At school the next day, the literature teacher was at her desk looking over her notes during her planning period when she heard a knock on her door. She looked up to see one of her third period students standing there, tears streaming down her face. The student ran in the room and almost fell into her, crying uncontrollably. When she was able to calm down, she told the teacher the story of how her father had walked out on her family last night and she didn't know what to do. You've always been so patient with your classes and a good listener, I knew that I could come to you. What am I going to do?

When the bus dropped the kids off at the after school center that day, one of the little boys immediately went to a corner and sat with his head buried between his knees. The volunteer had come that day with every intent of quitting, but when he saw the boy his heart was drawn to him. Yes, this kid had been a holy terror almost every day, but now he saw that things were different. This young boy was grieving over something that was bigger than he could handle.

The volunteer gingerly approached the boy and sat beside him, juice box and cookies in hand. The boy looked up and instantly grabbed his arm, crying into his shoulder. My dad has gone away and he's not coming back! I know it's all my fault because I've been so bad, but I just want him to come home! What's going to happen to me and my family?

Immediately after school the mom noticed that her son went straight to his room after the carpool dropped him off. Normally he would raid the fridge and play video games, but not today. She thought this was strange but decided not to invade on his privacy. She didn't want to push too hard and have her son lash out defensively.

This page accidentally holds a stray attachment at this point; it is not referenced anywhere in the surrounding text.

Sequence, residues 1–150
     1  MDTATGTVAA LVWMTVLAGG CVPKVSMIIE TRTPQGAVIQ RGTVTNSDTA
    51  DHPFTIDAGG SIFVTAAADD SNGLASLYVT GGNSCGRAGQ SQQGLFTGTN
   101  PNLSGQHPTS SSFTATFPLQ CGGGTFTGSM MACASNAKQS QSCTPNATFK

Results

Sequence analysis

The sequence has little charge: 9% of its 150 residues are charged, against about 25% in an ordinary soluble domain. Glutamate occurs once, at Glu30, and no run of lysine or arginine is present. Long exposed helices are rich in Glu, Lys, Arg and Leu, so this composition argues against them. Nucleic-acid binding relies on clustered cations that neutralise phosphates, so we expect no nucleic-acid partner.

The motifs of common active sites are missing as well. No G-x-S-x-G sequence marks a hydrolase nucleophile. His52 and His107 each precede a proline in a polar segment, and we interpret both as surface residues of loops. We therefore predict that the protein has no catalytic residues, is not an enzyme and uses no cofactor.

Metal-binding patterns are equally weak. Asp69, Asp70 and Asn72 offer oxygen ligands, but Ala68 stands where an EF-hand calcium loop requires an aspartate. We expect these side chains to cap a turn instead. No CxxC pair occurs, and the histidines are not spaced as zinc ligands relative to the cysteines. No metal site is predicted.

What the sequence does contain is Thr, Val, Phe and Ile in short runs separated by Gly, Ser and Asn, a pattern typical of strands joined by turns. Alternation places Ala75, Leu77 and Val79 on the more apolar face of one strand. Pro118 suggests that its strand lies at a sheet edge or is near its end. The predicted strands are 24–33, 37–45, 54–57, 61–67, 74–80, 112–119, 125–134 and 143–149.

When her husband came home, she told him about the situation with their son, who was still in his room. They agreed that something was wrong and they quietly approached his closed door, knocking softly. To their surprise he told them to come in, with no hint of animosity in his voice. As they entered his room they saw him sitting on his bed writing in a journal, his eyes puffy from crying. I didn't know our son had a journal? Why is he crying? These thoughts flashed through their minds but they did not verbalize them for fear that he would withdraw from them.

They sat on either side of the bed, mom touching him gently on the hand and dad asking if everything was alright. With a trembling voice their son told them that his girlfriend's parents had just split up, her dad walking out on the family. Why did he do this to them, mom? Does this mean that she will have to move away, dad? Mom, dad, you won't leave me like that, will you?

Everyday heroes aren't only found in fairy tales or action movies. Sometimes the most heroic acts occur when we engage in the mundane every single day, working jobs that seem thankless or negotiating frustrating conflicts on the homefront. Is the struggle real and the battles exhausting? You bet they are. But know this: The difference that you are making may not be evident now or in the near future, yet you will never regret the investment that you are making in the lives of students or your own children. The battle is always worth it.